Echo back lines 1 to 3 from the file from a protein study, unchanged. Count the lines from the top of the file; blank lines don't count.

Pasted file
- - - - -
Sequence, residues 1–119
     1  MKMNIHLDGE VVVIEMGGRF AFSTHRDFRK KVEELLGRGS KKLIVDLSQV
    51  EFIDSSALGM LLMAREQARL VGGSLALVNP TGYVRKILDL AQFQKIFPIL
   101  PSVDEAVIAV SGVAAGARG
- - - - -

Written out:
Sequence, residues 1–119
     1  MKMNIHLDGE VVVIEMGGRF AFSTHRDFRK KVEELLGRGS KKLIVDLSQV
    51  EFIDSSALGM LLMAREQARL VGGSLALVNP TGYVRKILDL AQFQKIFPIL